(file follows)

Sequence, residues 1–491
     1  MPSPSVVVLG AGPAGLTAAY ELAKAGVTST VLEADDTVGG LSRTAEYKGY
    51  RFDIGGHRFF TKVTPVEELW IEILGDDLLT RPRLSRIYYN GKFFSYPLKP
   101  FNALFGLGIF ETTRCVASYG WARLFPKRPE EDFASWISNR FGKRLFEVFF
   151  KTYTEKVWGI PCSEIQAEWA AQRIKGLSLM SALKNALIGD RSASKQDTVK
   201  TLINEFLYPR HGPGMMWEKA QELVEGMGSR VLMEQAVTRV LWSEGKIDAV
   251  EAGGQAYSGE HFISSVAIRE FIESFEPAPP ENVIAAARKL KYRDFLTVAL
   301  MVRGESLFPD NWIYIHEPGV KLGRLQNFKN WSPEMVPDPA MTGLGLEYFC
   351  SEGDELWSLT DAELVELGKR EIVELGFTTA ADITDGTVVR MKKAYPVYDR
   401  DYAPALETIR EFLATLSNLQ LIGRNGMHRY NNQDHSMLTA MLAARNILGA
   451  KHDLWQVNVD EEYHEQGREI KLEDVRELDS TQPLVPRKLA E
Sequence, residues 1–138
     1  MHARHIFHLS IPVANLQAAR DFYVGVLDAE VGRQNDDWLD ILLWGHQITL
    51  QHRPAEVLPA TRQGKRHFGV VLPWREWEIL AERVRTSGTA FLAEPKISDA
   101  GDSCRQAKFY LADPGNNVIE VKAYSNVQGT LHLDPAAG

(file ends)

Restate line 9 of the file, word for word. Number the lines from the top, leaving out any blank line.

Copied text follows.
   351  SEGDELWSLT DAELVELGKR EIVELGFTTA ADITDGTVVR MKKAYPVYDR